Polyamory definitely shares this technique of power – it speaks loudly and from the self whereas previous nonmonogamy movements had been fairly closeted. That may be our difference right there: polyamory happened well into the coming out phase of queer rights, and so is following its model. It seems to be working, as polyamory is gaining mindshare fast, taking it from monogamy and other forms of nonmonogamy.

I don’t think these techniques of speaking are only useful at the macro political level, but that’s an easy place to see them in action. As you say, we seem to also be getting a lot of utility out of them in interpersonal interactions and the restructuring of the self.

All of the above (coming out, parrhēsia, etc) establishes polyamory as similar to queer movements, like you say. I think there’s a tricky political dance there, since polyamory in an individual instance isn’t necessarily queer at all, but I definitely see a lot of correspondence in queer and poly practices. This may explain the overlap: the attraction of poly to certain queer groups, the poly-positive queer movement and queer-positive poly movement, and so on.

Daniel:

I too think, as you do, that the free love thing is altogether different, as are several other forms of organized non-monogamy, and that it’s a risk just placing them as being chronologically related in a sort of cause-and-effect context.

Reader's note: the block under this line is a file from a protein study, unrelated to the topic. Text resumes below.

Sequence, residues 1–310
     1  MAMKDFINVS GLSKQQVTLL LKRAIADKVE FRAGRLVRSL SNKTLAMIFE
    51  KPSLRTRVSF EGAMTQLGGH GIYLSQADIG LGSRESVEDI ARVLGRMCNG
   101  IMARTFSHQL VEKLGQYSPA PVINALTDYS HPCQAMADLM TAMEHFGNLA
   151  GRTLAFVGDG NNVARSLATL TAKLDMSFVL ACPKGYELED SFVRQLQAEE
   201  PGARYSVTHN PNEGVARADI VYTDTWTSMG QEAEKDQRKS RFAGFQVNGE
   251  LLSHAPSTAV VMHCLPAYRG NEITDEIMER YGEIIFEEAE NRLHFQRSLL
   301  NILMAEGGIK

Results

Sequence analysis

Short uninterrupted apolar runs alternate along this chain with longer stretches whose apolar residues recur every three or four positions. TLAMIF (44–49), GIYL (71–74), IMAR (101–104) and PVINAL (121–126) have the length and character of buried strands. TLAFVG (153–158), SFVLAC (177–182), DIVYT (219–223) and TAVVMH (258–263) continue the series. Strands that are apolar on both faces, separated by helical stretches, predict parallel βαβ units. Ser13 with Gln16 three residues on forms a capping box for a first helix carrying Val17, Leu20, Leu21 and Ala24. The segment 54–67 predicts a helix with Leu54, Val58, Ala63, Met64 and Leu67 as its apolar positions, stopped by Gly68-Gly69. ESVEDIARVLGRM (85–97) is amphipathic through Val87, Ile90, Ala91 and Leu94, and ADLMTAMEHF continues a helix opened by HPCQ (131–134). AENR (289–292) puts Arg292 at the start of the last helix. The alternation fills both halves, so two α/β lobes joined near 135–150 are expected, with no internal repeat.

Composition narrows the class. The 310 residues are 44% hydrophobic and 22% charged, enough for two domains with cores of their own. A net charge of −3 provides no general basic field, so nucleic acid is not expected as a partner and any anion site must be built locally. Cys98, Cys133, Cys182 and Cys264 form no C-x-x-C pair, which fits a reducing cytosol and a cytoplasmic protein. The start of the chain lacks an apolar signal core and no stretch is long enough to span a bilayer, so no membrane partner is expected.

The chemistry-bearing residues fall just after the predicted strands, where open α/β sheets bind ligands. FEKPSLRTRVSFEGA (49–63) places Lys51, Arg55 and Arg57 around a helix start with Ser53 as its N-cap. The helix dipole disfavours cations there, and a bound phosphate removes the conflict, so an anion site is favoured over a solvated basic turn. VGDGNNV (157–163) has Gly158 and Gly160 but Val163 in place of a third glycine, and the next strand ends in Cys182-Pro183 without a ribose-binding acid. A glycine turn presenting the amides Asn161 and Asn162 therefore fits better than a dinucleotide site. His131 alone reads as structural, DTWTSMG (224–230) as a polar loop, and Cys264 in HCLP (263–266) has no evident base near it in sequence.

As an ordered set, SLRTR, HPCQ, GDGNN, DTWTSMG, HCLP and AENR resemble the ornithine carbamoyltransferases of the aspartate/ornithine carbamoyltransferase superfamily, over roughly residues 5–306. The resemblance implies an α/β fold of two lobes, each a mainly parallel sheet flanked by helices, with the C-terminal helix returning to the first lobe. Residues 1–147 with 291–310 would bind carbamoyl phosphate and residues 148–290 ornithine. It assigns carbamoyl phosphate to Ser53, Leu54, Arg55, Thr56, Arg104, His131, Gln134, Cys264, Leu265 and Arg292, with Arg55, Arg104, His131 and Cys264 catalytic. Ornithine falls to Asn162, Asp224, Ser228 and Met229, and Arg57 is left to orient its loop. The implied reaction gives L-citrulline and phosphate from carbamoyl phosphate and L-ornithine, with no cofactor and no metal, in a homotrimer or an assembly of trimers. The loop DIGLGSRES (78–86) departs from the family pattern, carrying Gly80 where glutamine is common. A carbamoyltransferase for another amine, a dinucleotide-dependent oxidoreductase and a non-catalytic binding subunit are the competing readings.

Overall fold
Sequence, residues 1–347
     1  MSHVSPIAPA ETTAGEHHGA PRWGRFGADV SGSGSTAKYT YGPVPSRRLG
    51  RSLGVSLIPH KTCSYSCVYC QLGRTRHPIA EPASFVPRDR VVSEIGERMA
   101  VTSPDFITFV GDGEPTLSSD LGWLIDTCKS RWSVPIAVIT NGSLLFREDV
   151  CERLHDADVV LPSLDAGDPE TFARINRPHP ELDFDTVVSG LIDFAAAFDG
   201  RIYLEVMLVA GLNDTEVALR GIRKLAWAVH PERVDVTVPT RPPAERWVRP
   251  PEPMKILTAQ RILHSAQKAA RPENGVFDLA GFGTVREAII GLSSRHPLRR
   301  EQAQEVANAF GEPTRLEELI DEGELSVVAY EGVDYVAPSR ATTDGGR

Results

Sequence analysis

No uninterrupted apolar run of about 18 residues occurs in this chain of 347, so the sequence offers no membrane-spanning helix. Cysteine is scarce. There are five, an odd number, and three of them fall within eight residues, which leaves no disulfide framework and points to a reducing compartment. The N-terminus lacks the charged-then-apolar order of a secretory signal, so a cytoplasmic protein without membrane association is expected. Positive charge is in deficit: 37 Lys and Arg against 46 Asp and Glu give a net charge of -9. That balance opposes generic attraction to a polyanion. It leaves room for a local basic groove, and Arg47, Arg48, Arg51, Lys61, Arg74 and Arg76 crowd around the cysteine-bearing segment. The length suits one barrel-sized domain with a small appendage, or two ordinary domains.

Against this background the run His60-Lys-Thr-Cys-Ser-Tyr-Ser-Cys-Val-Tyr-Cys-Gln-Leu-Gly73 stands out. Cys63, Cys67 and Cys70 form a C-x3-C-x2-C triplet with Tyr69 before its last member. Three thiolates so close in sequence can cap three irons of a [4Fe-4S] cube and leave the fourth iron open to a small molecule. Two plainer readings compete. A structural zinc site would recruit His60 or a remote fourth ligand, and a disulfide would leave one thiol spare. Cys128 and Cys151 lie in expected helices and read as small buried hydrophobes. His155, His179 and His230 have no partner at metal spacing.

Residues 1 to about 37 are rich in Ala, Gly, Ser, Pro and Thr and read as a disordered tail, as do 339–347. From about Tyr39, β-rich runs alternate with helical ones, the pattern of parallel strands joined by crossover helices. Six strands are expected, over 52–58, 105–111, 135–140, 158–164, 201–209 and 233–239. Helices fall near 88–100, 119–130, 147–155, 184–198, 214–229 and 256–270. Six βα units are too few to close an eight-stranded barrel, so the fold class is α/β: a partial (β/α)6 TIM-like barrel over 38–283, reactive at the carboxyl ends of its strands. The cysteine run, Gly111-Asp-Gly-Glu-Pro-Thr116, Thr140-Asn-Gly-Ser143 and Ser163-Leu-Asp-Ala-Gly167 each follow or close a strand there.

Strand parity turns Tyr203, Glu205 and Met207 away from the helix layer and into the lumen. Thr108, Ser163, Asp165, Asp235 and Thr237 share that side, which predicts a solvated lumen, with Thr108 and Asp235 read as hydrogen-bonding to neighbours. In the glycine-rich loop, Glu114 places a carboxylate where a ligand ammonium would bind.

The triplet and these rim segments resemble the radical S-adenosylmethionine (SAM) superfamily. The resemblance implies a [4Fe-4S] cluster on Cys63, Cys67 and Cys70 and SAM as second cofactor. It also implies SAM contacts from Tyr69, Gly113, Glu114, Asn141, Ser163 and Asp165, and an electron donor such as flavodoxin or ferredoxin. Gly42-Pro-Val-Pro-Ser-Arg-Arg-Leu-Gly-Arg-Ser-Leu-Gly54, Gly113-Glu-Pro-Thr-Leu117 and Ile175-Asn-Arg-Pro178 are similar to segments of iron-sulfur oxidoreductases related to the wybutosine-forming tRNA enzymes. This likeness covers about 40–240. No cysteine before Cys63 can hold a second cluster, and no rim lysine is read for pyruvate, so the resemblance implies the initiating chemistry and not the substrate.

I think the point you make about poly books being a lot about self-help is rather relevant. I don’t know if you’re familiar with Nikolas Rose, but he has a book called “Inventing Our Selves”, where he debates the role of what he calls the “psy sciences” (psychology, psychiatry, and so forth) in our understanding of ourselves. The rise of those psy sciences is directly liked with the rise of individuality and subjectivity as a central value in our society. We understand ourselves psychologically, and so turn to self-help books and the like to remake ourselves, shape us into what we can and want to be. Now parrhēsia can be thought of as a way to do the same, although as we’ve seen, it’s somewhat different in that psychology takes a defined subject for granted, one that can be objectified, whereas the act of parrhēsia does no such thing. Obviously we don’t do parrhēsia the way the Greeks did it; Foucault himself insisted that there is no turning back in time and pretending the interleaving 2000 years didn’t happen. Instead, we do a sort of a hybrid, where we indeed fall prey to the demands of society that we “be ourselves”, that we “be free”, that we “be unique”, but use that very same demand to, as you put it, engage in identity politics. And in those identity politics, at least some of us aren’t interested in defining poly as the One True Truth, or the polyamorous subject as morally superior, but as an ever-changing movement, although the danger of normativity is still present in polyamory (as is in any identity) – and it’s a fear that I feel looming closer as polyamory gains mindshare, but I’d like your input about this, since things here in Portugal are pathetically microscopic compared to the USA.